Saturday, June 27, 2015

Don Boudreaux Questions The Idea Of Victims Of Free Trade Agreements

See No Special Privileges.
"Here’s a letter to Fortune:
A lone error mars Roger Lowenstein’s marvelous essay on the connection between TPP and the classical economist David Ricardo, who was a principled advocate of free trade (“TPP and fast track: Why Congress should listen to the world’s richest economist,” June 22).  That error is Mr. Lowenstein’s endorsement of Pres. Obama’s insistence that “that the [freer-trade] legislation also include retraining and support for the victims of trade.”
First, the word “victims” is inappropriate. Every producer – including every worker – is in business to satisfy consumers, and not vice-versa.  So when consumers choose to buy fewer units of whatever some producer offers for sale, that producer is not in any way victimized.  (If you doubt this claim, ask yourself if you regard people who switch to buying Priuses and other more fuel-efficient cars as being wrong-doers whose actions “victimize” Exxon and its fellow oil companies.)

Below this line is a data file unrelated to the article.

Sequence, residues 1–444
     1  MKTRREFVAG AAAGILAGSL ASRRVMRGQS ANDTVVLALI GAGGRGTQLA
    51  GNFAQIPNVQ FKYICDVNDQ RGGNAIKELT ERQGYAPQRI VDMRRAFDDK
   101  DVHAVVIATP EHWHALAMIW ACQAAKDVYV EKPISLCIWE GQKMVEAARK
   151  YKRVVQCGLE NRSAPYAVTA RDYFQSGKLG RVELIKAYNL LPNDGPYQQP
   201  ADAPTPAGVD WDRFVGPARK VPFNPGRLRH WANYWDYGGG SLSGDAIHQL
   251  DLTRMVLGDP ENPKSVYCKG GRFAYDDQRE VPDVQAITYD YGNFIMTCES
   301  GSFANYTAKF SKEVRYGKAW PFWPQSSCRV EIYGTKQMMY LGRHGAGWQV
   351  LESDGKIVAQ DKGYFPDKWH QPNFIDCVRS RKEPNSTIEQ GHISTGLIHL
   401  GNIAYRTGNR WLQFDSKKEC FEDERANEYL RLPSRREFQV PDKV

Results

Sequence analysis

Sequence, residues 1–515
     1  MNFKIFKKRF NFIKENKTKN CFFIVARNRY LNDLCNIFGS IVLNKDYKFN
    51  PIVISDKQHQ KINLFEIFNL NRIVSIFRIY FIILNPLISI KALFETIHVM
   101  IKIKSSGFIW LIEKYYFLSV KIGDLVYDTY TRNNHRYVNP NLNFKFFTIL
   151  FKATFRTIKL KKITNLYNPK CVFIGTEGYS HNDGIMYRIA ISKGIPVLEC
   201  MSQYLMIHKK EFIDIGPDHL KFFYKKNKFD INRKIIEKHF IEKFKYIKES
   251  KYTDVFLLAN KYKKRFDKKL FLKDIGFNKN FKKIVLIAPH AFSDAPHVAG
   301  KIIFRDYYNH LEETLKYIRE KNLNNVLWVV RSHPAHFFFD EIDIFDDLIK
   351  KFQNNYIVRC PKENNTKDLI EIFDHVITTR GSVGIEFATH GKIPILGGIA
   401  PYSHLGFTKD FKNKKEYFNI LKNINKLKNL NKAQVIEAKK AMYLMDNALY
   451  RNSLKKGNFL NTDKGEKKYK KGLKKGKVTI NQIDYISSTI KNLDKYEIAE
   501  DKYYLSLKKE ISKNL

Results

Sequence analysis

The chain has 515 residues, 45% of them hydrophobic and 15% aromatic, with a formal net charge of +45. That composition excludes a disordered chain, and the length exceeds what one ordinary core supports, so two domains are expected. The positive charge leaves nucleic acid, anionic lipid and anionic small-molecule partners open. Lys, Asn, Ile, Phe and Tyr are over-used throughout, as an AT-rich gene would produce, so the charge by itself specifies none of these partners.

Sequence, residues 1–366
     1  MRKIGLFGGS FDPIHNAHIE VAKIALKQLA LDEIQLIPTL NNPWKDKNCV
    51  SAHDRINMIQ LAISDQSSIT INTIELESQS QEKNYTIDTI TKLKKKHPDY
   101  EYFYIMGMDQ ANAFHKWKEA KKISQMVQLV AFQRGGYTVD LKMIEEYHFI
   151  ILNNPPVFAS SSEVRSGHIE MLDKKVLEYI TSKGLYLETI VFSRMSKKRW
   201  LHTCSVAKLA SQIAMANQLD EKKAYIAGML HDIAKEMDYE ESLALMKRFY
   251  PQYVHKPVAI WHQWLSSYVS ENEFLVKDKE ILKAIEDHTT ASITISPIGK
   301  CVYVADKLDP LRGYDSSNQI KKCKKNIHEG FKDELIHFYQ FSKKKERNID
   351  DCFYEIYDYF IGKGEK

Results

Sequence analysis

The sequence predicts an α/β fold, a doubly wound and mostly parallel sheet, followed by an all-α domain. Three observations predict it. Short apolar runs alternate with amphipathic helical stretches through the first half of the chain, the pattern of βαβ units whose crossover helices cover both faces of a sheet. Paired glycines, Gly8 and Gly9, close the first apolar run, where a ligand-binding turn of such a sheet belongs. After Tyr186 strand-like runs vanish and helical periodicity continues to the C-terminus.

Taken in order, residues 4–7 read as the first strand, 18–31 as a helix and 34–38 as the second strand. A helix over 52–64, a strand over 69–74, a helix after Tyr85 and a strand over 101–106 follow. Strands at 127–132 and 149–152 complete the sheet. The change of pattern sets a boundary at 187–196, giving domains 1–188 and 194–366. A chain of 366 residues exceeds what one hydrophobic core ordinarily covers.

Second, international trade is not unique in destroying particular jobs.  All economic change does so.  Chemical fertilizers, refrigeration, and motorized farm equipment destroyed lots of agricultural jobs.  Inexpensive kerosene destroyed most whaling jobs.  The telephone destroyed the jobs of telegraph operators.  Personal computers destroyed jobs in typing pools.  The Atkins diet destroyed some jobs in breweries and bakeries.  The polio vaccine destroyed the jobs of many workers who made wheelchairs, crutches, and iron-lung machines.
Because all economic change – including change in the patterns of purely domestic trade – destroys some jobs and creates others, there’s no sound economic reason to accord special treatment to workers and other producers who lose jobs and profits to those economic changes that happen to be sparked by foreigners rather by fellow citizens.
Sincerely,
Donald J. Boudreaux
Professor of Economics
and
Martha and Nelson Getchell Chair for the Study of Free Market Capitalism at the Mercatus Center
George Mason University
Fairfax, VA 22030"

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